Sunday, September 22, 2013

Pho - a Perfect Health Diet Lunch
Pho is another of those recipes I had never heard of until I read Perfect Health Diet: Regain Health and Lose Weight by Eating the Way You Were Meant to Eat by Paul Jaminet, but then I have never eaten any Korean food so that's probably not surprising.  According to Whikipedia ...

Pho (pronounced variously as /fʌ//fə//fər/, or /f/;[1] Vietnamesephở, pronounced [fəː˧˩˧] ( listen)) is a Vietnamese noodle soup consisting of broth, linguine-shaped rice noodles, a few herbs, and meat.[2] It is a popular street food in Vietnam[3] and the specialty of a number of restaurant chains around the world. Pho is primarily served with either beef or chicken. The Hanoi and Saigon styles of pho differ by noodle width, sweetness of broth, and choice of herbs. The origin of pho and its name is a subject of scholarly debate.

The version Paul Jaminet gives in his book is very simple - just stock, left-over starch, meat, vegetables, egg yolks, vinegar, and lemon or lime juice all mixed and heated in a microwave.  I am sure this will work as far as basic nutrition goes, but doesn't really have a lot of appeal to me, so I've created my own version.  I have tried to add a few of the more interesting original flavours without creating a list of ingredients that will be difficult to find.

Before you start, you need to make up a jar of pickled onions and peppers.  If you can find some without sugar then you can use those, but since I've found this to be almost impossible, I'll tell you how you can make some yourself quickly and easily.


Just slice up some onions and put these into a large pot with a couple of hot peppers cut in half. (Adjust the amount of peppers according to taste.)  Add a cup or two of vinegar - enough to cover the vegetables - and half a cup of sweetener of choice (I use coconut sugar.)

Heat the vegetables just until the vinegar comes to a boil, then cover and let sit until cool.  Pack into a jar or freezer container and store in your fridge at least overnight before using.  As long as you make sure the vegetables are always submerged in the vinegar mixture, these should keep for several weeks, but if you are eating Pho on a regular basis they will be long gone by then.


You can easily vary the ingredients for this soup by changing the protein and vegetables you include.

Ingredients :

2 cups of beef broth or chicken broth
1 star anise (optional)
a 1 inch piece of fresh ginger, peeled
1 cinnamon stick
1/4 teaspoon ground cardamom
1/4 teaspoon chopped garlic
salt and ground pepper to taste

rice noodles, amount to taste
1/2 cup of shredded chicken, beef or pork
3 egg yolks, mixed with a fork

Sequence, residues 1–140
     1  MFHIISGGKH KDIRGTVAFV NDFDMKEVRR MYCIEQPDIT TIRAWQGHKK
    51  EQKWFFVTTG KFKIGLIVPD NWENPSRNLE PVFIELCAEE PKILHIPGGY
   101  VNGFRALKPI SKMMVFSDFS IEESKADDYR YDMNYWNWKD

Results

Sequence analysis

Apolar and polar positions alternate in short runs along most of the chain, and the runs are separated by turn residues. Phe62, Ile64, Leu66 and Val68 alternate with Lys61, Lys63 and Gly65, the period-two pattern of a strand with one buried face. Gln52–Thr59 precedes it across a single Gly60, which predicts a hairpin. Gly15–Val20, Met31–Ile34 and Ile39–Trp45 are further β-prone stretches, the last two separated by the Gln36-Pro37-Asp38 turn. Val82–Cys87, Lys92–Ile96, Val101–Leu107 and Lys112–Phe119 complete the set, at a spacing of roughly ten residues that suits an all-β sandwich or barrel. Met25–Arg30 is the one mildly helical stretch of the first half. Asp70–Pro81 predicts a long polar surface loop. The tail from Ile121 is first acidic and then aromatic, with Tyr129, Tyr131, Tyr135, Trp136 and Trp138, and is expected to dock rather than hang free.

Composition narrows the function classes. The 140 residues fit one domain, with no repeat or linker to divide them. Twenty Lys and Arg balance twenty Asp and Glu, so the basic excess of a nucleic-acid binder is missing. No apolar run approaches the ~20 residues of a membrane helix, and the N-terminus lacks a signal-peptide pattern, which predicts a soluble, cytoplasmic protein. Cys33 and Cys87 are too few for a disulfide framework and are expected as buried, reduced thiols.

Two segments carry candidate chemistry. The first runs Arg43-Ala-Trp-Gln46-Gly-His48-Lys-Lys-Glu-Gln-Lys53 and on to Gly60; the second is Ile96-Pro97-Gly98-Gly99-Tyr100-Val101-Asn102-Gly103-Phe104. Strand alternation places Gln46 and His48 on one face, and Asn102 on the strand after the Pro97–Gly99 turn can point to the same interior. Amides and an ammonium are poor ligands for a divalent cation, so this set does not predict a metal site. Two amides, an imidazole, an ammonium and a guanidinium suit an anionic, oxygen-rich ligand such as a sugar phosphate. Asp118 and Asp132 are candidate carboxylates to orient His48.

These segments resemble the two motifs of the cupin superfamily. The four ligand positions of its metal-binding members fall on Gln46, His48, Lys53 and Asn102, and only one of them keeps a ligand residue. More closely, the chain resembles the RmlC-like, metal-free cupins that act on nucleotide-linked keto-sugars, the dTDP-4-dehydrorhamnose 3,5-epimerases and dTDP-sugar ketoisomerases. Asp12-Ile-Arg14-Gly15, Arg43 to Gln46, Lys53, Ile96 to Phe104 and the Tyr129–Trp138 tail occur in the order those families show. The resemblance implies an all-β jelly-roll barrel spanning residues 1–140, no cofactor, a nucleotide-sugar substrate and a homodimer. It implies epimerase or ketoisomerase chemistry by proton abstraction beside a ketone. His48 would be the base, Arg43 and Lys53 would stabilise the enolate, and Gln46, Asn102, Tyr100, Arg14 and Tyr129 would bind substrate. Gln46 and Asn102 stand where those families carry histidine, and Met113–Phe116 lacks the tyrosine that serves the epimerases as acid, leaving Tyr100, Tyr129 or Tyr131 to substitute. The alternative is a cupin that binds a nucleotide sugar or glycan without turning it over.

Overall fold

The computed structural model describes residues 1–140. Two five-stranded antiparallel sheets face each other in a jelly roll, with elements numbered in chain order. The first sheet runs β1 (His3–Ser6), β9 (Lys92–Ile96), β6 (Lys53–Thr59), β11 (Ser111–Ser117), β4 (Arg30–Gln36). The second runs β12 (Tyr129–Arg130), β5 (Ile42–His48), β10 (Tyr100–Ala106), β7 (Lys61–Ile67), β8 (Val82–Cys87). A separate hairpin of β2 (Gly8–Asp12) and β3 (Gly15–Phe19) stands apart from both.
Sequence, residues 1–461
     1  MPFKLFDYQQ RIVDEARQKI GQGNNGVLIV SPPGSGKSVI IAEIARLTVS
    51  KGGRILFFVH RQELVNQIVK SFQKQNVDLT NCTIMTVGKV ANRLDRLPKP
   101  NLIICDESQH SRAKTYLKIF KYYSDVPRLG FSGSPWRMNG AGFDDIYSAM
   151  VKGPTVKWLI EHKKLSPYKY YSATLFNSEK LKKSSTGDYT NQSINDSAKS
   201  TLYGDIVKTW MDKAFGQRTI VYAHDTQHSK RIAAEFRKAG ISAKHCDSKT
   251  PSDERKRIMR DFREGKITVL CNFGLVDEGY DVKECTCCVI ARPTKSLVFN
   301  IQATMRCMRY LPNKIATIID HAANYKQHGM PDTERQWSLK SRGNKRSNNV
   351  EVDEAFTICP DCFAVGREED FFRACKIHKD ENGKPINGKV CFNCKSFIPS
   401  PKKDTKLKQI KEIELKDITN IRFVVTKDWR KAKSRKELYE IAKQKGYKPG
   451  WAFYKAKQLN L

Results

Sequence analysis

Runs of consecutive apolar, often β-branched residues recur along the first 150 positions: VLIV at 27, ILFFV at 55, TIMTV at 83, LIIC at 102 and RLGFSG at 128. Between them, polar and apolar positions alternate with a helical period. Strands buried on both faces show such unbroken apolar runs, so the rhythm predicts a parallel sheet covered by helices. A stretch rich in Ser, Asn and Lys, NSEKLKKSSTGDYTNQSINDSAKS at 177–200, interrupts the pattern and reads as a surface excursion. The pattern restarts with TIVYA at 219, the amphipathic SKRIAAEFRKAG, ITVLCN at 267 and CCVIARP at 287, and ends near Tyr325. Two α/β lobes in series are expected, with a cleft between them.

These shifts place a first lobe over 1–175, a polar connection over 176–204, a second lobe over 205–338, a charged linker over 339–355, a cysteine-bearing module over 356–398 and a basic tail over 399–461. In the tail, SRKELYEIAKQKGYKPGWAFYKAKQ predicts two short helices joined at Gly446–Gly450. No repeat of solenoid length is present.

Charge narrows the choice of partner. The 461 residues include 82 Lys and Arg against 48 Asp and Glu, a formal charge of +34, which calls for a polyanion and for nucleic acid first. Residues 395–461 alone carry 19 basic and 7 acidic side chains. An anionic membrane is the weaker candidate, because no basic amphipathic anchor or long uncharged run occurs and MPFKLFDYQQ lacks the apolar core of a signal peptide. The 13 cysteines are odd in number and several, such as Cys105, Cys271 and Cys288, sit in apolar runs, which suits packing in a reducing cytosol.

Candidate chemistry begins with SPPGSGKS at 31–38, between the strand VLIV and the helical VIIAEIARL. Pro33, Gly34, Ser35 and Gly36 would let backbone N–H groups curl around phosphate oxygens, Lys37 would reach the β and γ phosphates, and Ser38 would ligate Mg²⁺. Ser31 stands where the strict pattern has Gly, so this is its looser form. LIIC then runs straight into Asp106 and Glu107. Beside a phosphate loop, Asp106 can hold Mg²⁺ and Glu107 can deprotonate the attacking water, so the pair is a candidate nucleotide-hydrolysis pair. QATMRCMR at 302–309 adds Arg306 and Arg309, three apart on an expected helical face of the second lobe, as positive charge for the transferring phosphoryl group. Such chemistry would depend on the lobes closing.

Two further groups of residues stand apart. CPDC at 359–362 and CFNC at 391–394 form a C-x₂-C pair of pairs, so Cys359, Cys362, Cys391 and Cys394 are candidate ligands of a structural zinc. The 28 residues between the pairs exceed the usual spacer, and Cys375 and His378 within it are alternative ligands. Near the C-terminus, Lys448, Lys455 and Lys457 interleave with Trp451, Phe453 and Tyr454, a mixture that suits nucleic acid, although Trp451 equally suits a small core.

pickled onion slices, drained (see above) to taste
chili sauce
lime wedges
chopped fresh parsley or cilantro

Directions :

  • Place the broth and spices into a large pot, bring to a boil, then simmer for an hour.
  • Meanwhile soak the rice noodles in hot water for the recommended time on the package, then drain and place in a soup bowl.
  • Once the broth is ready, strain, pour back into the pot, then pour in the egg yolks and stir over medium heat until the egg strands are cooked.  Add the chopped protein and heat another minute or two until everything is hot.
  • Pour the soup over the noodles, top with the onions and cilantro or parsley, and serve with lime wedges and chili sauce on the side.
This is not only a very healthy dish, it's also a great warming lunch for cold fall and winter days.  If you are taking it to work with you, this is perfect for the mini slow cooker.  You can put the uncooked noodles into the stock and they will be ready when you want to eat.  Just pack the toppings on the side and you're ready to go.



Even though the version above is really delicious, sometimes you want something really quick and easy.  That's how I felt today, so I made my super-fast super-easy version.

All I did was put a couple of cups of chicken broth into a medium sized pot.  Then I added my 3 scrambled egg yolks and mixed with a spoon until they were cooked. Rice noodles came next and then I brought the soup to a boil.  (Thin rice noodles only need soaking so you can just add them right to the soup.)

Once the broth was boiling I added a dash of San-J Szechuan Cooking Sauce (10 Oz) (for spice), a handful of spinach, and a handful of cherry tomatoes.  Last I threw in half a dozen peeled raw shrimp and heated the broth until the shrimps turned pink.

Poured into a bowl and there it was - one of the easiest and best lunches I've ever had.  Might not be authentic Pho, but it tasted good to me!

 “Life isn't about finding yourself.  Life is about creating yourself.”   - George Bernard Shaw

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